About 40 different Windows applications contain a critical flaw that can be used by attackers to hijack PCs and infect them with malware, a security researcher said Wednesday.
The bug was patched by Apple in its iTunes software for Windows four months ago, but remains in more than three dozen other Windows programs, said HD Moore, chief security officer at Rapid7 and creator of the open-source Metasploit penetration-testing toolkit. Moore did not reveal the names of the vulnerable applications or their makers, however.
Each affected program will have to be patched separately.
Moore first hinted at the widespread bug in a message on Twitter on Wednesday. "The cat is out of the bag, this issue affects about 40 different apps, including the Windows shell," he tweeted, then linked to an advisory published by Acros, a Slovenian security firm.
That advisory detailed a vulnerability in iTunes for Windows that hackers could exploit by persuading users to download and open a malformed media file, or by duping them into visiting a malicious Web site, where they would fall prey to a drive-by attack.
Apple patched the iTunes for Windows bug last March when it updated the music player to Version 9.1. According to Apple, the bug does not affect Mac machines.
Acros' advisory insinuated that the vulnerability was in more than just iTunes. "Additional details are available to interested corporate and government customers under NDA, as public disclosure would reveal too many details on the vulnerability and unduly accelerate malicious exploitation," the warning said.
It would have been odd for Acros to note the possibility of exploitation if the bug was iTunes-only and had been patched months earlier.
Moore confirmed that the flaw "applies to a wide range of Windows applications," and added that he stumbled across it while researching the Windows shortcut vulnerability, a critical bug that Microsoft acknowledged in July and patched on Aug. 2 using one of its rare "out of band" emergency updates.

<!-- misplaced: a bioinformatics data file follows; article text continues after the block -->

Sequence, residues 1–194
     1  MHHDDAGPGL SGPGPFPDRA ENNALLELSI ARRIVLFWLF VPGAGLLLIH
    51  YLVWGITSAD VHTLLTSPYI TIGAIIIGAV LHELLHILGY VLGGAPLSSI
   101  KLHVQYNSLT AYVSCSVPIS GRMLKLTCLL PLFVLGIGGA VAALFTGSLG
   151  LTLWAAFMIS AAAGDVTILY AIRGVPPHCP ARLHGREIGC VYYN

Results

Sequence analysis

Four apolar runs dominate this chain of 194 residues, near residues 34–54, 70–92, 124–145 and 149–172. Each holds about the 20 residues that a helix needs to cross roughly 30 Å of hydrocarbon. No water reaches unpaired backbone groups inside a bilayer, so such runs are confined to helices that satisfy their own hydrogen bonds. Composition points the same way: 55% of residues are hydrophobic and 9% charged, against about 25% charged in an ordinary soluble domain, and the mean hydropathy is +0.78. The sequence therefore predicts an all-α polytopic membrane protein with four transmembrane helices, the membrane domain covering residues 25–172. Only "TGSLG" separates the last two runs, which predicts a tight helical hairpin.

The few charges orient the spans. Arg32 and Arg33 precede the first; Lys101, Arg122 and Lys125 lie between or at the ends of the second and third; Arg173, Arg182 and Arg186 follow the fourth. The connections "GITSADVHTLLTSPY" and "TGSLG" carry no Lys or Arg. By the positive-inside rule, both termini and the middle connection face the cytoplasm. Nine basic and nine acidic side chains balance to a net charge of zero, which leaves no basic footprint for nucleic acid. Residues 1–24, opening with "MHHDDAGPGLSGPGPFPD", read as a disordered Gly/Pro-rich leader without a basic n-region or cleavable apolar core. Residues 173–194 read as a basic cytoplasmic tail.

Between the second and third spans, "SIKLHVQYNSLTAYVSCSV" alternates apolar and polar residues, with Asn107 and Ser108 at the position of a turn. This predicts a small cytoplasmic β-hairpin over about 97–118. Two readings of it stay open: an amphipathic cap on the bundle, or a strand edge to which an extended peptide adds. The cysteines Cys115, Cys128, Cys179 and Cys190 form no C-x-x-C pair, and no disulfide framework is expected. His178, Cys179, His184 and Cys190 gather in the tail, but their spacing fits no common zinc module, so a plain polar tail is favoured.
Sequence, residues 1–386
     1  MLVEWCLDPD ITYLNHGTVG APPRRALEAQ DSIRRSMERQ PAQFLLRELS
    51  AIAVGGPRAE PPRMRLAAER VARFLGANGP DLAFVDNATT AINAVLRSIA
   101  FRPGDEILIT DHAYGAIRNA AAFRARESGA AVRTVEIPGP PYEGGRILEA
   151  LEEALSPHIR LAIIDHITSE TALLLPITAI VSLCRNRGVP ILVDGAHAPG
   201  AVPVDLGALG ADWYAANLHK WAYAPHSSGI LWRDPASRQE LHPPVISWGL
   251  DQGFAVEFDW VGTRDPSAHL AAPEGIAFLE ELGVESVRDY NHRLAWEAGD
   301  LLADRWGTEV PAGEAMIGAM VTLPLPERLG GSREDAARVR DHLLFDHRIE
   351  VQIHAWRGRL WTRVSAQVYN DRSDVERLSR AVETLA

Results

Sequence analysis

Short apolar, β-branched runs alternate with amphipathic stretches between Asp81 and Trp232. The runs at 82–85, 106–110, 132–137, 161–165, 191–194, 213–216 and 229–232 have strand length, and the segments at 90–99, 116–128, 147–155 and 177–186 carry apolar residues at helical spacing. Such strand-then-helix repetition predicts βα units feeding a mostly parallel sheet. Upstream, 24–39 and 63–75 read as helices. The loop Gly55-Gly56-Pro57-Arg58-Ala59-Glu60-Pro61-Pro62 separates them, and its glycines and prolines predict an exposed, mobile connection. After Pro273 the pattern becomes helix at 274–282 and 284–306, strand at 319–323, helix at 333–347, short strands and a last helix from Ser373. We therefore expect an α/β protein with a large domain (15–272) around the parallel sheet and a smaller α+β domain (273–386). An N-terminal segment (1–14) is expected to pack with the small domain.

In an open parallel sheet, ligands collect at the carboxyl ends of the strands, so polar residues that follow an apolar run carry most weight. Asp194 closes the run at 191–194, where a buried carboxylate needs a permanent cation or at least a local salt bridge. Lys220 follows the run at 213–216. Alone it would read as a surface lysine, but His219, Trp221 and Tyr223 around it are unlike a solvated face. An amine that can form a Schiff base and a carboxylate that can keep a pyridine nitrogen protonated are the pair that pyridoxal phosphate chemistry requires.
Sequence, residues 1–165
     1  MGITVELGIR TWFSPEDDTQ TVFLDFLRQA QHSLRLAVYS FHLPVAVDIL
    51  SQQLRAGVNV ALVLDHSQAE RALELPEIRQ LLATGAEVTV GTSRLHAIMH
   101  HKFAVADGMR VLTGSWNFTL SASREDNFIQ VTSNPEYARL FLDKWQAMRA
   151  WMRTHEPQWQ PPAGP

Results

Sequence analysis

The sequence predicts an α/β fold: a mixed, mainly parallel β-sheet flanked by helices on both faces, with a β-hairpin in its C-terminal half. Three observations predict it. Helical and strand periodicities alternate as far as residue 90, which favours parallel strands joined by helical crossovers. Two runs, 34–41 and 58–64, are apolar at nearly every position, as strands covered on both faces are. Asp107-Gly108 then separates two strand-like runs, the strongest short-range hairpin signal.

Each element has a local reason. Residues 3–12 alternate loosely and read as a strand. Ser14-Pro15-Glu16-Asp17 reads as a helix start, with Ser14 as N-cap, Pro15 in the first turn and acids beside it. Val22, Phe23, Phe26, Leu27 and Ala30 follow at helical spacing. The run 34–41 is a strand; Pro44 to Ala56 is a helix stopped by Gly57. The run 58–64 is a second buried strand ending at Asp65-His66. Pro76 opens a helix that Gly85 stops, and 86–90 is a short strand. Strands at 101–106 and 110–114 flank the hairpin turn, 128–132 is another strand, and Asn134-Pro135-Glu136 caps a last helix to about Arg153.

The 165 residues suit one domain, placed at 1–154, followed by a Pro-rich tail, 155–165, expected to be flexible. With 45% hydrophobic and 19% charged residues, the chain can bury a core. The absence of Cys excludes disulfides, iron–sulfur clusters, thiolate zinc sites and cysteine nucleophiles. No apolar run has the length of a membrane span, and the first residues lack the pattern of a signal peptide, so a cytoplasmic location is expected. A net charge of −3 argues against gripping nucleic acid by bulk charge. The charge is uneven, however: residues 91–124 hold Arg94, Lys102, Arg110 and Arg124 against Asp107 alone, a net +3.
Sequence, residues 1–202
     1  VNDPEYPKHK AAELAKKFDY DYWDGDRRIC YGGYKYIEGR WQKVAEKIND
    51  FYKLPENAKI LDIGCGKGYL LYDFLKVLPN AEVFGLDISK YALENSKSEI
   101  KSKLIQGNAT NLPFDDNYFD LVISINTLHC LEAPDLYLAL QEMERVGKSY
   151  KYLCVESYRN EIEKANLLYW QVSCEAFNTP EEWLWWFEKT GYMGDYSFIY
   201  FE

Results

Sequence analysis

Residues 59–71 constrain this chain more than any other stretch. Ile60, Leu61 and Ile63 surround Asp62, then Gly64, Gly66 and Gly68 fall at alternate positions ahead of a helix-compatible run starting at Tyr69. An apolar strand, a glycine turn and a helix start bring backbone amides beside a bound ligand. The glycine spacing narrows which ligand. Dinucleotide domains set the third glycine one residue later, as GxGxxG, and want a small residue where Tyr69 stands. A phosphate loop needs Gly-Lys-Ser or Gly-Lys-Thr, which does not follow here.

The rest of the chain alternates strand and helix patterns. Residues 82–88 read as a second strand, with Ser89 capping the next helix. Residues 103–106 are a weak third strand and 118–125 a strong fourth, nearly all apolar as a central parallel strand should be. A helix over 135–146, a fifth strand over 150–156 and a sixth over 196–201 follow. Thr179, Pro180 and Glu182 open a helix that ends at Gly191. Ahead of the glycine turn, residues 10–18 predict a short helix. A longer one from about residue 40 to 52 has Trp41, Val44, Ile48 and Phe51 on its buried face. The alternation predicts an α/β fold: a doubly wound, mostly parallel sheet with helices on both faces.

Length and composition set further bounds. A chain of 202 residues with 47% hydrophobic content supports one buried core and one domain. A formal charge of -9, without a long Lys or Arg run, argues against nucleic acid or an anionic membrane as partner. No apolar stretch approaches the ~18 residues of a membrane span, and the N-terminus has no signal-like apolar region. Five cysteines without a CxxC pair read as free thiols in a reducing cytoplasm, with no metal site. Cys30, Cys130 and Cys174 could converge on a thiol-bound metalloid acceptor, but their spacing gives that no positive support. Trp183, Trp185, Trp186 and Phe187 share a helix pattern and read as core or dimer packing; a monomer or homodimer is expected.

Moore declined to name the applications that contain the bug or to go into great detail about the vulnerability. But he was willing to share some observations.
"The vector is slightly different between applications, but the end result is an attacker-supplied .dll being loaded after the user opens a 'safe' file type from a network share [either on the local network or the Internet]," Moore said in an e-mail reply to questions. "It is possible to force a user to open a file from the share, either through their Web browser or by abusing other applications, for example, Office documents with embedded content."
Some of what Moore described was reminiscent of the attacks using the Windows shortcut vulnerability. For instance, hackers were able to launch drive-by attacks exploiting the shortcut bug from malicious sites via WebDAV, and could embed their exploits into Office documents, which would presumably be delivered to victims as seemingly innocuous e-mail attachments.
His advice until the vulnerable applications are patched was also taken from Microsoft's shortcut bug playbook.
"Users can block outbound SMB [by blocking TCP ports] 139 and 445, and disable the WebDAV client [in Windows] to prevent these flaws from being exploited from outside of their local network," Moore recommended.
Both work-arounds were among those Microsoft told users they could apply if they were unable to apply the emergency update.
But although Microsoft was able to plug the shortcut hole with a patch for Windows, Moore was pessimistic that the company would be able to do the same with this vulnerability.
"Solving the flaw requires every affected vendor to produce a patch," he said. "There may be other work-arounds available, but the core issue is with the application itself, not necessarily the Windows operating system. There may be fixes that can be applied at the OS level, but these are likely to break existing applications."
Microsoft confirmed it was looking into Moore's claims, but had little else to say.
"Microsoft is investigating reports of a possible remote code execution vulnerability affecting software running on Windows," a spokeswoman said early Thursday. "When we have completed our investigations we will take appropriate action to protect users and the Internet ecosystem."
According to Moore, at least one Microsoft executable -- "explorer.exe," the Windows shell -- includes the flaw.
Moore said that Rapid7 would release more information about the vulnerability next week. He added that an exploit module has been written for Metasploit but has not been released.
Gregg Keizer covers Microsoft, security issues, Apple, Web browsers and general technology breaking news for Computerworld. Follow Gregg on Twitter at @gkeizer or subscribe to Gregg's RSS feed . His e-mail address is firstname.lastname@example.org.